The curse-slinging "Frankenskank," as Kyle so charmingly dubs her, is played by one of the Olsen twins (Mary-Kate, for the record), who wears serious makeup and scrunches her face into expressions of profound peevedness. And so Kyle, who, in the clumsy, jump-right-into-it opening of Beastly has been elected president of the student body (his platform: "Should you vote for me just because I'm the rich, popular, good-looking guy? Hell yeah!"), slinks off to Brooklyn, where he's set up with a blind tutor (Neil Patrick Harris) and a Jamaican housemaid (Lisa Gay Hamilton).
His rich dad (Peter Krause) is too appalled by his son's "aggressively unattractive" appearance to keep him at home. Or to even meet him for lunch.
The only way to break the spell is to find a girl who will love him as he is. Enter Lindy (Vanessa Hudgens), who's all about substance over style, and who lets her hair get messy just to prove it. Kyle has a year to reverse the spell before his condition becomes permanent, and there's drama with a nasty drug dealer, and there are romantic misunderstandings and the fanciful makeover of some prime Brooklyn real estate along the way.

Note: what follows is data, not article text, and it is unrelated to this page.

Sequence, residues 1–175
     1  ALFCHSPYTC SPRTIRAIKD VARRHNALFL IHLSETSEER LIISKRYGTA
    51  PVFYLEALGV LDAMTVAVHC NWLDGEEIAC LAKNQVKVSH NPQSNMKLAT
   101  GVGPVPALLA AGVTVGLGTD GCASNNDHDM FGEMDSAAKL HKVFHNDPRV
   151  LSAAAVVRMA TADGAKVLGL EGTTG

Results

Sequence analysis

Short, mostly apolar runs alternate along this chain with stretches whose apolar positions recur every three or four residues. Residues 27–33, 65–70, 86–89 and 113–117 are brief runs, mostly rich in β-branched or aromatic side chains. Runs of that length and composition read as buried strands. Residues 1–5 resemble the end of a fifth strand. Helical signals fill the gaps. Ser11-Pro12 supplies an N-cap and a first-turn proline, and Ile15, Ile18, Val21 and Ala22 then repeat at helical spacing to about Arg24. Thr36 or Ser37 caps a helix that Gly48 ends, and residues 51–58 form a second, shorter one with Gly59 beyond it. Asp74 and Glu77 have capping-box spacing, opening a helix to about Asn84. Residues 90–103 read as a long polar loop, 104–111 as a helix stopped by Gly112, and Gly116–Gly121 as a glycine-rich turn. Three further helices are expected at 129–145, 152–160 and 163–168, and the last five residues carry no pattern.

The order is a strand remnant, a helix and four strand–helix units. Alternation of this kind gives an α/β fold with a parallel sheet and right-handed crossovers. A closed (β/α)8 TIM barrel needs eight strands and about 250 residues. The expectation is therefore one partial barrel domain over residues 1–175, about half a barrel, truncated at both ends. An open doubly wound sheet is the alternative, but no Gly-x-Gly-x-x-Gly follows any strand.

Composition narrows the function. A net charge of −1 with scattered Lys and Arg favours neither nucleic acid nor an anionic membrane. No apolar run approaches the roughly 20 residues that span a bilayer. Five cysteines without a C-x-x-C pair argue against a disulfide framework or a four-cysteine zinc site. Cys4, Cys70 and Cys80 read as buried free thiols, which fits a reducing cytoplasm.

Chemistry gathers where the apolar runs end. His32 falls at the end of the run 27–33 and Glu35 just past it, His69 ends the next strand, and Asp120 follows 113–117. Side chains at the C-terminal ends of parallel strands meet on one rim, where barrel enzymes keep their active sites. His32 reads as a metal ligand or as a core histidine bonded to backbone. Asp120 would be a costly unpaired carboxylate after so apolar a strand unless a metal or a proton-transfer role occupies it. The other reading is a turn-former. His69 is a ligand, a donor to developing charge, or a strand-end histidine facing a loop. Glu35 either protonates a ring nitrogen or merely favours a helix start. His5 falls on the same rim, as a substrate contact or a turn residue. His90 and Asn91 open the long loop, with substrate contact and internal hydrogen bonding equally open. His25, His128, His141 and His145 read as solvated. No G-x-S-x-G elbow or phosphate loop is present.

Pettyfer, the high-cheekboned alien hero of I Am Number Four, broods and pouts and runs around heroically, sometimes in a hoodie, sometimes shirtless. Hudgens, of High School Musical lineage, exudes cutesy warmth and wistfulness, and director Daniel Barnz, who did better with his first feature, Phoebe in Wonderland, moves things from Point A to Point F in barely competent music video style.
Sure, Beastly's underlying message is a worthy one, but by the time the film gets there the audience's ability to empathize will be sorely tested.
Contact movie critic Steven Rea at 215-854-5629 or firstname.lastname@example.org. Read his blog, "On Movies Online," at http://www.philly.com/philly/blogs/onmovies/